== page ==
According to the World Health Organization women and children are 14 times more likely to die when a natural disaster happens than men.
Social norms demand women stay home to care for families while men leave for towns in search of jobs. Women and girls in poor countries spend 40 billion hours annually collecting water, according to the United Nations Department of Economic and Social Affairs (UNDESA).
According to Care International, women and girls make up 43% of the agricultural workforce in the global south. Women and girls from Eastern, Central, and Southern Africa, produce nearly 70% of the region’s food crops by volume.
But despite this, less than 15% of women in sub-Saharan Africa have control over the land they farm, according to Batamuliza. A lack of land rights restricts women from making decisions about planting drought-resistant crops like sorghum or investing in alternative livelihoods like goat rearing, she says.
In Kenya, the Federation of Women Lawyers (FIDA) says women head about 32% of households, but individually hold only 1% of land titles. In 2018, an analysis by the Kenya Land Alliance found that out of the one million title deeds issued by the Kenyan government between 2013-2017, only 103,043 were given to women.
Mother-of-five Lorna Nashipei is working hard to overcome these societal barriers. Two years ago, the 38-year-old mother was surprised to meet a pastoralist woman growing and selling vegetables from her kitchen garden.
“I was spending too much time travelling to the nearby town to purchase vegetables weekly. I spent 500 Kenyan Shillings ($4.50) on vegetables and transport. Yet I had five acres of land all left for cows and goats to roam around,” Nashipei told Climate Home News.
Nashipei convinced her husband to allow her to start a kitchen garden. Over time, the number of times she asked for vegetable money reduced, but the frequency Nashipei served the family vegetables increased.
When her husband questioned how Nashipei was managing to serve vegetables regularly, without asking for money, she saw an opportunity to request a more significant portion of land.
Today, Nashipei farms nearly two acres of maize, beans, sweet potatoes, peas, assorted traditional vegetables, and grass for her cows. Her husband is helping her fence the land to protect the crops from livestock destruction.
She earns around 30,000 Kenyan Shillings ($269) selling farm produce during a good harvest. She has invested some of this money in a community savings programme, known as table banking, where members pool their savings and lend to each other.
Nashipei makes an individual contribution of 3,000 Kenyan Shillings ($27) each month and has used the table banking system to buy goats, food and help pay for school fees.
Nashipei is not the only woman succeeding in making land decisions in Kenya. Since the 2016 community land bill passed, Alubbe says two pastoralist communities in Laikipia county have successfully registered their land.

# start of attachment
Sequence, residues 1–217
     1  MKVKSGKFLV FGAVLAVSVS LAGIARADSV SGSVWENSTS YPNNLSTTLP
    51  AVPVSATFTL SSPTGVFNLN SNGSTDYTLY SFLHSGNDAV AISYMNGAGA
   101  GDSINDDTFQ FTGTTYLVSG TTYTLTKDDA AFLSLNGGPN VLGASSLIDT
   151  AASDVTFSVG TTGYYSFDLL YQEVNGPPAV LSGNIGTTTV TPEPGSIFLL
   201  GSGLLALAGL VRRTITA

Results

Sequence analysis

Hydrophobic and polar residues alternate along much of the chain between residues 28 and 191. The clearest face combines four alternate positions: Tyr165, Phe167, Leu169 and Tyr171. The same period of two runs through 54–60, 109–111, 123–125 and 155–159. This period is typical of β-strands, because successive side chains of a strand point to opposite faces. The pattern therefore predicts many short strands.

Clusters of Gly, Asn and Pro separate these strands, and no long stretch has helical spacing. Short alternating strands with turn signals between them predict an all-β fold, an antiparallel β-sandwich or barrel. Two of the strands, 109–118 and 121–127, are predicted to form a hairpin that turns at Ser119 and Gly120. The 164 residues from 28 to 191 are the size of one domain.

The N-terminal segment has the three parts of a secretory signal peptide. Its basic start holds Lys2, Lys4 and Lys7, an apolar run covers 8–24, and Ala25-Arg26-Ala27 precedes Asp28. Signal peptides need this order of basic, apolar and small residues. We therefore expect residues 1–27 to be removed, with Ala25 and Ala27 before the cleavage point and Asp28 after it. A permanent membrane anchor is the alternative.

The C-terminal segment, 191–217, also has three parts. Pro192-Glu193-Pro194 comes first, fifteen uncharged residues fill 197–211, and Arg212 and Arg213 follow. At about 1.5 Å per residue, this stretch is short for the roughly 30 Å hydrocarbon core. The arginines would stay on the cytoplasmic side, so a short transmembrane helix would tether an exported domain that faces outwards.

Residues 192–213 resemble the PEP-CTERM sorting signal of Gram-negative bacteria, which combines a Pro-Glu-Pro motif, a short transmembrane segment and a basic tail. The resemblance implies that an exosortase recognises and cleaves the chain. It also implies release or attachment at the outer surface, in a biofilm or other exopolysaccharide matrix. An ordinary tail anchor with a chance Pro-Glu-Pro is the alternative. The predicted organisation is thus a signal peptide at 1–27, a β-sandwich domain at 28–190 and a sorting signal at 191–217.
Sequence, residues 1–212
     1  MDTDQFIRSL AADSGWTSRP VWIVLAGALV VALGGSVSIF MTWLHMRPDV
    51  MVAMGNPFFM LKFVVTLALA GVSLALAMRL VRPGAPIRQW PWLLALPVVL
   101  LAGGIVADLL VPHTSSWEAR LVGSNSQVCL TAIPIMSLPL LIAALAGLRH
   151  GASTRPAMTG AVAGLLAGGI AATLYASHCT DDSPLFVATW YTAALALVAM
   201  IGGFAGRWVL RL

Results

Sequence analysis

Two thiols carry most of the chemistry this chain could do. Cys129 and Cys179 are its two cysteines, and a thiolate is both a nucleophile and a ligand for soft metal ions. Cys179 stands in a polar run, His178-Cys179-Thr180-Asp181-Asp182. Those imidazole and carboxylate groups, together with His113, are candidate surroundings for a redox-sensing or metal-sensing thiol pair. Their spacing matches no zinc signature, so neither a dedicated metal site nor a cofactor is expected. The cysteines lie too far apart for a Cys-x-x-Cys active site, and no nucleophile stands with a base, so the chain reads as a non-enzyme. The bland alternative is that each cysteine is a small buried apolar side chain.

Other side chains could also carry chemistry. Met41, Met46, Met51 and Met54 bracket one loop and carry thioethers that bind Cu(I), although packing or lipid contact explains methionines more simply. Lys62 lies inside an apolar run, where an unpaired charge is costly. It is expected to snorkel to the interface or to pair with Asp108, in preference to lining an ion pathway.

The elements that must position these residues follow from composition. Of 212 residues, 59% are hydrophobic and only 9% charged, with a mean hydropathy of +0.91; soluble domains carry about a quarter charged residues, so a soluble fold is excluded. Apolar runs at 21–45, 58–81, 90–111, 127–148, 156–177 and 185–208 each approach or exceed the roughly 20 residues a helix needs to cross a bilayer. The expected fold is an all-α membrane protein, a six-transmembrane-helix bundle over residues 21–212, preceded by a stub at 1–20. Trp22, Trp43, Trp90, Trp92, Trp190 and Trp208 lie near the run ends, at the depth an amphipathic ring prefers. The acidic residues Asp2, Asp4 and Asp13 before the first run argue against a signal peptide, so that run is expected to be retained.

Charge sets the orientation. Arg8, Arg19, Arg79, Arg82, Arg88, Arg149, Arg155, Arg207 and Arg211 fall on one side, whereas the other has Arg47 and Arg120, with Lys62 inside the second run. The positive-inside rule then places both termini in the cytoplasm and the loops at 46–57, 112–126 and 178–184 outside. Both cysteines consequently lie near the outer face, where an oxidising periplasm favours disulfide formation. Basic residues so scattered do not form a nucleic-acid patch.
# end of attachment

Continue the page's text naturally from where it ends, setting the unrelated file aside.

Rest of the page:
In these communities, eight women have been included in land governance structures. They are registered as part of the groups harvesting sand, sold in nearby towns for construction, and as part of the committees that allocate grazing areas, something that has not happened before.
“It is a good precedent,” says Alubbe. “The hope is that as more communities register themselves and their lands, women’s land rights will expand from access and use to control and ownership and that communities will learn from these two pastoralists groups where women make decisions on how land is used.”
Nashipei’s initially sceptical husband has allowed her to access and manage two acres of land. Although the land title is still in her husband’s name, Nashipei is in the process of having her name included on the family title deed.
“Since he has seen the farm generate income and reduce financial burden on him, he has allowed me to grow crops without his permission. We have saved around 8,000-10,000 Kenyan shillings ($70-100) each month,” she says.
Rono hopes to see more women fight for their rights to owning and controlling land and make better decisions on how to adapt to the changing weather. But the gulf between statutory and customary laws makes this complicated, says Batamuliza.
“Statutory law recognises that women can control and own land, but on the ground, the customary laws controlling land allocations are already institutionalised culturally and socially. The customary law is more prevalent than the statutory law advocating for equality of land inheritance,” Batamuliza says.
“Unless there is advocacy in behaviour and an attitude change among the traditional decision makers and influencers in African communities, the two worlds cannot exist coherently. We will not see a lot of change just from adopting all these declarations, laws and policies.”